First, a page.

The first trip run by Remote Year, the service for professionals who want to work while traveling, is underway and that means the company’s Instagram account is on the make. And boy is it.The images hue closely to the company line: Upwardly and actually mobile people enjoy drinking together in various locals; MacBooks sit poolside; Polish co-working spaces with raw wood floors. But do these passport-touting Python-jockeys represent the beginning of something or the fin de siecle? Is someone going to come for these decadent Skype credit hoarders with non-digital pitchforks? Are they gonna spill Stella on their laptop and ruin the whole trip?

We're proving work can be done anywhere. Where's your "office"? Tag your photos #remoteyear

A photo posted by Remote Year (@remoteyear) on

Remote Year deserves the double takes it inevitably gets. The company, founded by Groupon alum and LinkedIn-identified “Dreamer” Greg Caplan, is aimed squarely at the highly mockable digital nomad set, that delightful demographic that totes their own private economy around Eastern Europe and Southeast Asia in a rollerboard. But there is normally plenty of space between mockable and contemptible. The problem with Remote Year is that it pushes the two closer together.

This is how we picnik

A video posted by Remote Year (@remoteyear) on

Let’s really focus on the Instagram. It is both “brand defining” and seemingly authentic. It is, in short, fraught with meaning. And what it actually shows, if you swipe past the hypersaturated snaps of Frank Gehry apartment buildings, is a group of likeminded people on an internet-enabled tour of the world’s outlet adapters. The problematic word in that last sentence: “likeminded.” The weirdness here is that these people wanted to go abroad but didn’t want to leave either their job (fair enough) or their culture (umm…).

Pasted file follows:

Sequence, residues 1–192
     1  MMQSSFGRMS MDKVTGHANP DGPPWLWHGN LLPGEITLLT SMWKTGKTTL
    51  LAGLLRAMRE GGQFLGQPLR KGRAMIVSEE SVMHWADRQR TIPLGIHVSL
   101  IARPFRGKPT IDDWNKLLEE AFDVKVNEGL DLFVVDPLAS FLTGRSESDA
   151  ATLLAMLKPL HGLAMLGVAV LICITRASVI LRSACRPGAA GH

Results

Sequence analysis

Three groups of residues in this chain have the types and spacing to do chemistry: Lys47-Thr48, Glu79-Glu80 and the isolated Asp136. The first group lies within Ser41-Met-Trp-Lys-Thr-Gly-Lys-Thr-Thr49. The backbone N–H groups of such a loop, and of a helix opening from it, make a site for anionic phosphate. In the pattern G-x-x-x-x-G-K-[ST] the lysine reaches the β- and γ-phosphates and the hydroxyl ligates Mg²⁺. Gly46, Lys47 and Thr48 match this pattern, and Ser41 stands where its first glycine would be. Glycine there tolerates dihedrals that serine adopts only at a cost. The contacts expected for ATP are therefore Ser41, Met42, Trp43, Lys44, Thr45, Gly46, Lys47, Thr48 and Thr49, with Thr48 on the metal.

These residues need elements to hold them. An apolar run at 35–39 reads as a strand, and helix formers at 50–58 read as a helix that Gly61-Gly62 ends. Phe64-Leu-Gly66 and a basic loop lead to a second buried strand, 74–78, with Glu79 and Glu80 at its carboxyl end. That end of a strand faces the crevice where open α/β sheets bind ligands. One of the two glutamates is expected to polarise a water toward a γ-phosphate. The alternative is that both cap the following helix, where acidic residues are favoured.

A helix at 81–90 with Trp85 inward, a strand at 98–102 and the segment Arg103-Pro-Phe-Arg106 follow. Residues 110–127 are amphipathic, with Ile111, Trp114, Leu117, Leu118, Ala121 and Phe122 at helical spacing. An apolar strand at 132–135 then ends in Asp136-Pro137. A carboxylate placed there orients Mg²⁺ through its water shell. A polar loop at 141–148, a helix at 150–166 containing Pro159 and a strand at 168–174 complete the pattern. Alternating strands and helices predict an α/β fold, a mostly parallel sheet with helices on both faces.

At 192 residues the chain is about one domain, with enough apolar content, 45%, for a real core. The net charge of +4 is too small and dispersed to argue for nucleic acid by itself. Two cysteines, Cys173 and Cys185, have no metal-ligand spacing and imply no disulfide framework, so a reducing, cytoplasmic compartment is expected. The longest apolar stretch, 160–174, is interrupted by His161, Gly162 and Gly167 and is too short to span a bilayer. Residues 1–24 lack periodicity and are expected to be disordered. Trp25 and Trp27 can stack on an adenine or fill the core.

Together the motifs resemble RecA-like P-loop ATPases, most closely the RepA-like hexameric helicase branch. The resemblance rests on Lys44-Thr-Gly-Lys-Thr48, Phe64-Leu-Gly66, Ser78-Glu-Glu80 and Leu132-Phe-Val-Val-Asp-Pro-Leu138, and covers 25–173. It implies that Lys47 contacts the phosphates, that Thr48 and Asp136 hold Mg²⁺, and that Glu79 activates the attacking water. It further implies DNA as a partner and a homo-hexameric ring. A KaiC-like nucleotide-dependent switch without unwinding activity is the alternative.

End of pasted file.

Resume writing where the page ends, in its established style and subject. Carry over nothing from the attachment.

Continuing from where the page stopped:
Remote Year offers, at a rate of $UNDISCLOSED for a month at a time, the opportunity to explore new places without actually understanding them.

Remote Beer

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Maybe that’s okay (the program does incorporate speakers, including Liberland’s Vit Jedlicka, who is trying to form a micronation that uses a crypto currency within the EU) but the idea that startup/digital/Google-ized corporate culture can exist apart from actual culture(s) is dangerous at best. The program is all about disconnecting from normal life. Period. That’s the end of the thought and it’s not a very nice thought.

Let the journey begin

A photo posted by Remote Year (@remoteyear) on

Is Remote Year destructive or offensive or reprehensible? No. But it is profoundly silly, a quick and clean cop out for people who want to make a change and don’t have the courage to do the thing that you’re supposed to do after you cut ties, which is make other ties, is a different place with different people. Getting exposure is never bad, but this isn’t that. Remote Year presents the opportunity to step into an Instagram feed. The folks splashing out on this are having a very similar experience to the one you’re having looking at the embeds in this article. It’s all surface.

Mensday came early this week #remoteyear

A photo posted by Remote Year (@remoteyear) on

Or is it? Just think about this “Remote Beer.” Really think about it. Consider what it represents. 

Ne c’est une IPA.

Remote Beer #remotebeer

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